Brittany Chavez is busy. During our Zoom interview, she stops mid-answer to apologize for the flurry of pings and notifications appearing on her computer.
This is life when you are CEO and founder of Latinx Shop, a one-of-a-kind marketplace for Latinx-owned brands that Chavez envisioned over five years ago.
Since launching in 2016, the brand has grown from a cult Instagram account among savvy and forward-thinking Latinx consumers to a corporate-funded startup poised to completely transform the ecommerce landscape.
“The vision is really sharpened on who this Gen Z Latina and Millennial Consumer is,” Chavez, 30, told Bustle. “We want to showcase the best products made by people in our community. And it is also a community that we want to expand.
On October 15, Shop Latinx – SLX for short – announced that it had raised $ 1 million in venture capital, an effort entirely led by Chavez. On the same day, SLX integrated 15 new brands, including MCLC, Curiosa, and Roman Swimming. And on top of that, SLX also dropped its first product line to commemorate Latinx Heritage Month.
Read on to learn about Chavez’s vision for the future of his market, his thoughts on representation, and his advice to aspiring Latinx brand founders.
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How was your line of derivative products born and what was your inspiration?
The theme behind this drop in merch was our slogan: “Making the Latinx community feel seen, supported and celebrated in all of our creativity and ingenuity.” So we wanted to underline this mission. We are more than e-commerce. We are a community that puts a lot of intention, love and care into making sure the entire Diaspora is celebrated, and the people who make it up.
I think everyone loves a statement shirt. People want to stand up for something and they don’t apologize for having that sense of pride in what they believe in. And then my favorite product is actually the water bottle: the Nalgene. On it is a water affirmation [that reads] “Powered by the community.” And it was a play on words. It is the community that drives me personally to put intention in everything I do.
How do you choose which brands to include in the Shop Latinx marketplace?
We are always on the lookout for brands that have a founder and a history in line with our values. Yes, we prioritize brands owned by Latinx and BIPOC, but on top of that we give a lot of love and attention to our branding and the retention of this community.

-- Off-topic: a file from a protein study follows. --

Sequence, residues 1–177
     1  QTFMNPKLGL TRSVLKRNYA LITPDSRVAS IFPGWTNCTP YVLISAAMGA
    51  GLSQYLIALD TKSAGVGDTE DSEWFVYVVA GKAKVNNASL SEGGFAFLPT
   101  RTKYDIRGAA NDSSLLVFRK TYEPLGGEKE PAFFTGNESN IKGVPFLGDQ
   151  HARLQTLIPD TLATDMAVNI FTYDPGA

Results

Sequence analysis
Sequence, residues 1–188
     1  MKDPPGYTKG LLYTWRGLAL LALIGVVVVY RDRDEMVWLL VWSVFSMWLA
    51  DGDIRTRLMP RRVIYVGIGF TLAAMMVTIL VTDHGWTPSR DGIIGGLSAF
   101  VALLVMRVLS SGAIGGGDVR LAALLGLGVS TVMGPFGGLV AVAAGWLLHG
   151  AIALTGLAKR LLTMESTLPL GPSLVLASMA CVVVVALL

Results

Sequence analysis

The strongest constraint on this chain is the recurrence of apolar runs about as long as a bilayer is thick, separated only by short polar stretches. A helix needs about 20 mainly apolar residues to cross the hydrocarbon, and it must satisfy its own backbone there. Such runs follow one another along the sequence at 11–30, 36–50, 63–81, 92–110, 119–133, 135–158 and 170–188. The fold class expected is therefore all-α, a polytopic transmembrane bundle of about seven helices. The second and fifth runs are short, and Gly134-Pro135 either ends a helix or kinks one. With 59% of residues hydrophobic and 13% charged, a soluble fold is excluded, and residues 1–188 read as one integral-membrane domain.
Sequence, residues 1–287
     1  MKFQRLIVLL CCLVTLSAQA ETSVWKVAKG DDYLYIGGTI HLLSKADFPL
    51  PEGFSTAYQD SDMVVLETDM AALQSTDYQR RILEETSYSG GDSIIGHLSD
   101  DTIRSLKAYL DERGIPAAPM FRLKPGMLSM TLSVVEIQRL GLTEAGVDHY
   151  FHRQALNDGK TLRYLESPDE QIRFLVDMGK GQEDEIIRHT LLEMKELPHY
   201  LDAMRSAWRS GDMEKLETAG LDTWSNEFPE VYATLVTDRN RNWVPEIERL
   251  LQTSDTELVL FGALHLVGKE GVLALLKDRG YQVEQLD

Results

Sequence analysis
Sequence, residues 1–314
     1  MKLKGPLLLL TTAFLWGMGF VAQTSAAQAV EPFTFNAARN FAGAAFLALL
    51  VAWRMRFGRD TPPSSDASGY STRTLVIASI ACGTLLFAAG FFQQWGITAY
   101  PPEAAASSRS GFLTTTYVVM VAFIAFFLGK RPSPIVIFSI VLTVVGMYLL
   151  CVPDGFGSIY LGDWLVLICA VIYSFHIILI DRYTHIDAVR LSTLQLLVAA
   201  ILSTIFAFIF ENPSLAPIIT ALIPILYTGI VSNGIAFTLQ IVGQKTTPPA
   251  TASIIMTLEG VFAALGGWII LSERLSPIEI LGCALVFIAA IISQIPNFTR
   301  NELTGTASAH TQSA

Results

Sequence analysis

Brands that have inventory, a great product, a brand image, a great story to tell and who are ready to be a part of Shop Latinx’s growth journey are the types we seek to partner with.
What are the avenues for young Latinas who might have a business idea to get it started and get the support they need?
There are a lot of paths. There’s venture capital funding, there’s business lending, there’s Shopify capital. And then in addition to researching funding options, there are thousands of micro-communities that you can tap into, especially within the Latinx community. There are Latinx, Latinx vegans in the Ivy League. There’s Latinx in DC, Latinx in LA. Finding your people is important.
Another thing that I have noticed with some brands is that they come out with a line of 20 products to start with. Launching with one to three flagships is more than enough: putting love into those three products, then building from there, especially if you’re a solo founder, [is a better strategy].
What are your hopes for the future of the company?
Next year, especially as things open up, we want to have more experiential events. What is it like to organize an event with some really crazy musical artists from the community? Tapping into these micro-pockets across the country – and understanding the nuances and the leaders of each city and building with them – is something a lot of other companies don’t really do.
How would you rate the current state of Latinx representation in fashion?
We can talk about both representation and ownership, as these companies are finally starting to understand who their consumer is, and there is certainly an increase in Latinx representation. But in terms of authenticity for the consumer, I don’t know. I think we’re so much smarter than that as a community.
The performance is great to some extent, because making people feel seen is truly beautiful, heartwarming, and validating. But do they put our photos and the people who look like us front and center because they want a purchase or do they really care about our communities? What initiatives are they doing to support this? What actions are they taking?
What else do you want to see?
I [hope to] see more of our designs and pieces worn by celebrities on magazine covers and see them featured in [magazines] As Vogue. It is very ambitious and gives a goal to the members of our community. I’m curious to see where we’re all going to be in the next few years – I’m excited.
This interview has been edited and condensed for clarity.